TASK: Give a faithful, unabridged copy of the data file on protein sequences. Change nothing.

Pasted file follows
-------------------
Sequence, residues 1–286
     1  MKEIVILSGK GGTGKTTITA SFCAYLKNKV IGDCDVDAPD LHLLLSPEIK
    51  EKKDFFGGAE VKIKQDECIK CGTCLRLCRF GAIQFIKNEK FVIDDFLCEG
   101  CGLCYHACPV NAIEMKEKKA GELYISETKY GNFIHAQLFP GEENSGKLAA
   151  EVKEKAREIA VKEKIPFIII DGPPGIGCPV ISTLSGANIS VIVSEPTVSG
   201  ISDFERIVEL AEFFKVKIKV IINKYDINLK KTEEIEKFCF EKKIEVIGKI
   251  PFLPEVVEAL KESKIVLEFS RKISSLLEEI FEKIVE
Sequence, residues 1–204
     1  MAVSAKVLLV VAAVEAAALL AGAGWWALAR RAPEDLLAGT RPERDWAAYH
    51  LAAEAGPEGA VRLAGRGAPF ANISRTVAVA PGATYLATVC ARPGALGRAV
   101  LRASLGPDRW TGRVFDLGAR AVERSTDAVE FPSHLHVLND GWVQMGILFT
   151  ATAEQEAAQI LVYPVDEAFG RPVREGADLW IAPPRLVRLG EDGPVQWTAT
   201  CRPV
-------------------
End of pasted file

Sequence, residues 1–286
     1  MKEIVILSGK GGTGKTTITA SFCAYLKNKV IGDCDVDAPD LHLLLSPEIK
    51  EKKDFFGGAE VKIKQDECIK CGTCLRLCRF GAIQFIKNEK FVIDDFLCEG
   101  CGLCYHACPV NAIEMKEKKA GELYISETKY GNFIHAQLFP GEENSGKLAA
   151  EVKEKAREIA VKEKIPFIII DGPPGIGCPV ISTLSGANIS VIVSEPTVSG
   201  ISDFERIVEL AEFFKVKIKV IINKYDINLK KTEEIEKFCF EKKIEVIGKI
   251  PFLPEVVEAL KESKIVLEFS RKISSLLEEI FEKIVE
Sequence, residues 1–204
     1  MAVSAKVLLV VAAVEAAALL AGAGWWALAR RAPEDLLAGT RPERDWAAYH
    51  LAAEAGPEGA VRLAGRGAPF ANISRTVAVA PGATYLATVC ARPGALGRAV
   101  LRASLGPDRW TGRVFDLGAR AVERSTDAVE FPSHLHVLND GWVQMGILFT
   151  ATAEQEAAQI LVYPVDEAFG RPVREGADLW IAPPRLVRLG EDGPVQWTAT
   201  CRPV